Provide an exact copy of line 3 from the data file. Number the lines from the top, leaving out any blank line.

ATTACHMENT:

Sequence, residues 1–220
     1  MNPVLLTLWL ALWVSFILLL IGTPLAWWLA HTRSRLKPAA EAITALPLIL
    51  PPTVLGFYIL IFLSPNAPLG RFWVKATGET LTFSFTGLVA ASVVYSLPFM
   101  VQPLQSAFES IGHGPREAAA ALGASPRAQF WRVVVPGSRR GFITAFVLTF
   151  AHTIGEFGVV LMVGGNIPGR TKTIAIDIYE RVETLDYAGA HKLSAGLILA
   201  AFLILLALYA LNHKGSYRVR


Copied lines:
    51  PPTVLGFYIL IFLSPNAPLG RFWVKATGET LTFSFTGLVA ASVVYSLPFM